In part 2 of San Diego Historical Landmarks — #1: El Prado Area Designation, I’ll look at the historic and beautiful Cabrillo Bridge.

This post approved by Zoey the Cool Cat

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Pictures copyright 2012 Russel Ray Photos

42 thoughts on “San Diego Historical Landmarks — #1: El Prado Area Designation, part 1

  1. Maxi

    Your photos are the only way some of us can enjoy the beauty of this park, Russel. Whoever created the bronze statues has great talent, and it is truly impressive that Kate Sessions planted those magnificent eucalyptus trees.

    There is one thing, Zoey is probably ticked-off that there is no “kitty area” in the park.

    Blessings ~ Maxi

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  2. Pit

    Hi Russel,
    Looks like I really need to go to see San Diego – and more of southern California – some time. Thnaks for sharing the inspiring pictures. My wife has been to San Diego for a convention, but she sure would go there again. And especially as her daughter lives in California [San Jose]. My wife will be there for Thanksgiving, but Ithis year ‘ll stay here to take care of the animals, as she will do when I’ll be in Germany at the end of October and beginning of November. Our holidays together will, if things go as planned, be starting next week, and take us to the Katy Trail in Missouri, where – as on our way there and back – we will ride our bicycles on some rail trails.
    Take care, and have a good one,
    Pit

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  3. Jill

    This was a great site to visit. I really enjoyed all the pictures and the follow up about the pictures and what they were saying. This is the only way I will every get to visit these places and you made me feel like I was right there.

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  4. Pingback: San Diego Historical Landmarks — #1: El Prado Area Designation, part 2 « Russel Ray Photos

  5. LuAnn

    Since we are going to be wintering in the Encinitas area I am particularly loving these posts. There will be so much to see and do when we get back there. Thanks Russel! 🙂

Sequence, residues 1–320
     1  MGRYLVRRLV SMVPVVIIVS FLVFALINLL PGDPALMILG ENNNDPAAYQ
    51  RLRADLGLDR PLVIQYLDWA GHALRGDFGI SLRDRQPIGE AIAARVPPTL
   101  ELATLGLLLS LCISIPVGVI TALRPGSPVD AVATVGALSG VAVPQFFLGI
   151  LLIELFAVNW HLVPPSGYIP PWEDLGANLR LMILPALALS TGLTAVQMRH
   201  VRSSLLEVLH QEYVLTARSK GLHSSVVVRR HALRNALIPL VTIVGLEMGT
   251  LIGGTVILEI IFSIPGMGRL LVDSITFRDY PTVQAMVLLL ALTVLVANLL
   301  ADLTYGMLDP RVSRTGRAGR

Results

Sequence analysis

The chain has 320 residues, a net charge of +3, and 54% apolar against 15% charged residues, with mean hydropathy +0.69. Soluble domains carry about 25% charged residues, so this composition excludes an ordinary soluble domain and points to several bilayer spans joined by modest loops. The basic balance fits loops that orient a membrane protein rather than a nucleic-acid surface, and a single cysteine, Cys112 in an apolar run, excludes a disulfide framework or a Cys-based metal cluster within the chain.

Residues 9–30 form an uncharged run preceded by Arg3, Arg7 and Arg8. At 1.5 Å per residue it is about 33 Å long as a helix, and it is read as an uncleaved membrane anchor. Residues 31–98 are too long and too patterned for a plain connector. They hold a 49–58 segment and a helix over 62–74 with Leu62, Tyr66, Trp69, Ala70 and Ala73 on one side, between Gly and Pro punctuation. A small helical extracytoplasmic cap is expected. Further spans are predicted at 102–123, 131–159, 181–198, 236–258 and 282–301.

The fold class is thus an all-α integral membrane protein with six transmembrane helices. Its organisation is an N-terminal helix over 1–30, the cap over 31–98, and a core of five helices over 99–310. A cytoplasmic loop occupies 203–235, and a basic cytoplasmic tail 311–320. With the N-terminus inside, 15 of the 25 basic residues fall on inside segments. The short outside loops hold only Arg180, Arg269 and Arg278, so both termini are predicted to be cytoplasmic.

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  6. Pingback: San Diego Historical Landmarks — #1: El Prado Area Designation, part 3 « Russel Ray Photos

  7. Pingback: San Diego Historical Landmarks — #1: El Prado Area Designation, part 4 | Russel Ray Photos

  8. Gallivanta

    So why did the authorities want to grow bamboo for the koalas (mentioned in your previous post) when all the eucalyptus trees were around? Is that one of history’s mysteries?

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  9. Pingback: San Diego Historical Landmarks — #1: El Prado area designation, part 5 | Russel Ray Photos

  10. Pingback: San Diego Historical Landmarks — #1: El Prado Area Designation, part 6 | Russel Ray Photos

  11. Pingback: San Diego Historical Landmarks: #1–El Prado Area Designation, part 7 | Russel Ray Photos

  12. Pingback: San Diego Historical Landmarks–#1: El Prado Area Designation, part 8 | Russel Ray Photos

  13. Pingback: San Diego Historical Landmarks–#1: El Prado Area Designation, part 9 | Russel Ray Photos

  14. Pingback: San Diego Historical Landmarks—#1: El Prado Designation Area, part 10 | Russel Ray Photos

  15. Pingback: San Diego Historical Landmarks—#1: El Prado Designation Area, part 11 | Russel Ray Photos

  16. Pingback: San Diego Historical Landmarks—#1: El Prado Designation Area, part 12 | Russel Ray Photos

  17. Pingback: San Diego Historical Landmarks—#1: El Prado Designation Area, part 13 | Russel Ray Photos

  18. Pingback: San Diego Historical Landmarks — #1: El Prado Area Designation, part 14 | Russel Ray Photos

  19. Pingback: San Diego Historical Landmarks — #1: El Prado Area Designation, part 15 | Russel Ray Photos

  20. Pingback: San Diego Historical Landmarks — #1: El Prado Area Designation, part 16 | Russel Ray Photos

  21. Pingback: San Diego Historical Landmarks — #1: El Prado Area Designation, part 17 | Russel Ray Photos

  22. Pingback: San Diego Historical Landmarks — #1: El Prado Area Designation, part 18 | Russel Ray Photos